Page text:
via Top stories for February 21- 28 by Charles Rukuni on Saturday, 01 March 2014
Mugabe celebrates 90th birthday in Singapore -President Robert Mugabe celebrated his 90th birthday today but he was still in Singapore where he went to have an eye operation. His absence from the country on such an important day raised questions about his health with some reports bringing back whispers that he had probably not gone to Singapore for an eye operation but for cancer treatment. Former central bank governor Gideon Gono told United States embassy officials in 2008 that Mugabe had been diagnosed with cancer and had been given two years by his doctors. Mugabe has denied he has cancer saying in a televised interview before he left for Singapore that he was fit.
Mugabe back home
President Robert Mugabe returned home this morning from Singapore where he had gone to have an eye operation. Speculation about his health had started doing the rounds in the media after he failed to return home yesterday to mark his 90th birthday. All eyes were now focussed on whether he would be able to attend the big bash at Marondera tomorrow. The birthday party has been reported to have cost close to US$1 million. An unnamed South African diamond dealer is reported to have contributed to both Mugabe’s birthday and his daughter, Bona’s wedding.
Mugabe says West and MDC don’t know what hit them
President Robert Mugabe today said the Movement for Democratic Change and the West do not know what hit them and were totally caught by surprise when the Zimbabwe African National Union-Patriotic Front won last year’s elections. “Yakava mheni yaChaminuka yakarova zvikatadza kuzivikanwa kuti zvauya sei. The MDC was baffled. It was all down on the floor. Those opponents of us who imposed sanctions on us from the West were baffled.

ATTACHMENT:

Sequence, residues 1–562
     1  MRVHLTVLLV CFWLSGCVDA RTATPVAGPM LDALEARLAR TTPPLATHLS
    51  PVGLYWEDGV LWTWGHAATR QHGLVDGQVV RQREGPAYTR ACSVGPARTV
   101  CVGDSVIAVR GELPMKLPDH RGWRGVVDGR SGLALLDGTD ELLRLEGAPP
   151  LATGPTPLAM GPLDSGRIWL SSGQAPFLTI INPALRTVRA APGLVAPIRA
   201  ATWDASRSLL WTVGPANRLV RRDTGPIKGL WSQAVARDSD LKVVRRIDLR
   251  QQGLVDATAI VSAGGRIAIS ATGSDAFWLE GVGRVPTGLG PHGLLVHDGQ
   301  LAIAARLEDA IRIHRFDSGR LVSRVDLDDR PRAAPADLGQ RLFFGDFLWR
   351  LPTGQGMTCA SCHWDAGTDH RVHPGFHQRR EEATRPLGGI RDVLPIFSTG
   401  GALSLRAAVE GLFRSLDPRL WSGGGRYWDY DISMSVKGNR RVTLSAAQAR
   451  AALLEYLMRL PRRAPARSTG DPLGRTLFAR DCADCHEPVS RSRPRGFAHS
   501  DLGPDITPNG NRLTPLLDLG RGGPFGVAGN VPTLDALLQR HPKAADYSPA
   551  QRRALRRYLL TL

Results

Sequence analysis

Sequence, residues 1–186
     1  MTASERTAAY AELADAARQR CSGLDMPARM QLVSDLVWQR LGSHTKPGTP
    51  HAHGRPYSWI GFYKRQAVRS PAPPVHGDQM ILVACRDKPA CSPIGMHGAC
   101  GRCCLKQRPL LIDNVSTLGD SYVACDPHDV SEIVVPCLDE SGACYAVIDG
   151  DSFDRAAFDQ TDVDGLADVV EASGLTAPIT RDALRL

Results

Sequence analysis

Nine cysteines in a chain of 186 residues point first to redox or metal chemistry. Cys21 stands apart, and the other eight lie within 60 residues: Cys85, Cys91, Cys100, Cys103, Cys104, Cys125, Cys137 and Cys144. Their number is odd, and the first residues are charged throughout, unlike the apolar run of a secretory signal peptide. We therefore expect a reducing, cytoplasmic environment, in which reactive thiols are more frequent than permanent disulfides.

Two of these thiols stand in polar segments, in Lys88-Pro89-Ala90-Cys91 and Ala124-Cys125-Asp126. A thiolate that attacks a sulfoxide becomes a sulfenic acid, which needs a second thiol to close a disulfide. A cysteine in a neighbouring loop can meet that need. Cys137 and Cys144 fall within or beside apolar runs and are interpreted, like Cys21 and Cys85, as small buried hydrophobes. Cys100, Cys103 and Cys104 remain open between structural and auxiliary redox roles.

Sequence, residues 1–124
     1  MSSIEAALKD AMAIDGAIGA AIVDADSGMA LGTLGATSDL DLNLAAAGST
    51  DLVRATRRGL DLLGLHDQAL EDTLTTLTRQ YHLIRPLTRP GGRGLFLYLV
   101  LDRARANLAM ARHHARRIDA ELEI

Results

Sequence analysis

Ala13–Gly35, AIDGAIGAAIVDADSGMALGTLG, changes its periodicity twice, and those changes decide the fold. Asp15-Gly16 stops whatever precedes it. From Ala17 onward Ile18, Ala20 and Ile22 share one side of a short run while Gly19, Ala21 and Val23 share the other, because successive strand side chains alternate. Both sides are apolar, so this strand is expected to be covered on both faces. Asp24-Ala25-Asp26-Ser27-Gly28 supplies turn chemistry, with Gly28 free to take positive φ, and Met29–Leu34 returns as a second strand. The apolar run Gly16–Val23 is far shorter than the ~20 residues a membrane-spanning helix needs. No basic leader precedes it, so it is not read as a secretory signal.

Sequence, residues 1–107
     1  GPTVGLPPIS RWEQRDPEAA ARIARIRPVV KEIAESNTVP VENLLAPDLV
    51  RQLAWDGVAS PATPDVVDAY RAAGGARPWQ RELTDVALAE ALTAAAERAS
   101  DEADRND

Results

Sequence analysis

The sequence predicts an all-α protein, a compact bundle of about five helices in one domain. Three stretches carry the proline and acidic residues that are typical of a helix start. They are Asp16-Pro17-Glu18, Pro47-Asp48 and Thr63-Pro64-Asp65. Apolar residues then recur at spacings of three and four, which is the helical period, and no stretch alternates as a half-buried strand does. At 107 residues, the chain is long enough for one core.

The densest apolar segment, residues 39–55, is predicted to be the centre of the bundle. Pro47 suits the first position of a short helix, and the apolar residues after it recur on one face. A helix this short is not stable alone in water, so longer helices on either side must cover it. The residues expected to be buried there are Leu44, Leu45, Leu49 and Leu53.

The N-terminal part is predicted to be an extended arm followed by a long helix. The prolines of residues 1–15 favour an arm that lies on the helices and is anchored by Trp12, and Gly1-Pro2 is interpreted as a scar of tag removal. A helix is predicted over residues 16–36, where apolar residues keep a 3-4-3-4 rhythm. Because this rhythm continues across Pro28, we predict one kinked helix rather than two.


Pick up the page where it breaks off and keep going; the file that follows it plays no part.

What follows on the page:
“They refused to believe the truth: the truth that the people of Zimbabwe had — in that national thunderous voice, most resounding — decided that ZANU-PF shall be the Government of the country, not only now but also in the future to come.” Speaking in Marondera at a party organised to celebrate his 90th birthday, Mugabe said: “ZANU-PF won. ZANU-PF had the support. ZANU-PF had the message. ZANU-PF had the history. ZANU-PF was the people. The people and ZANU-PF are one. You cannot separate the two. You talk to the people, the majority are ZANU-PF.”
MDC suspends Harare councillor over sodomy allegations
The Movement for Democratic Change has suspended the councillor for Budiriro, Sydney Chirombe, over allegations of sodomy. The party said Chirombe attempted to sodomise a bus driver on a house boat on Lake Kariba at the weekend. “The MDC wishes to make it clear that it does not tolerate any immoral behaviour on the part of its officials. The councillor will be formally charged by the party and will be brought before the party’s disciplinary committee for a hearing soon,” the party said in a statement. Sodomy is a criminal offence in Zimbabwe. During the constitution making process the MDC advocated the legalisation of homosexuality. President Robert Mugabe is on record for saying homosexuals as worse than dogs and pigs.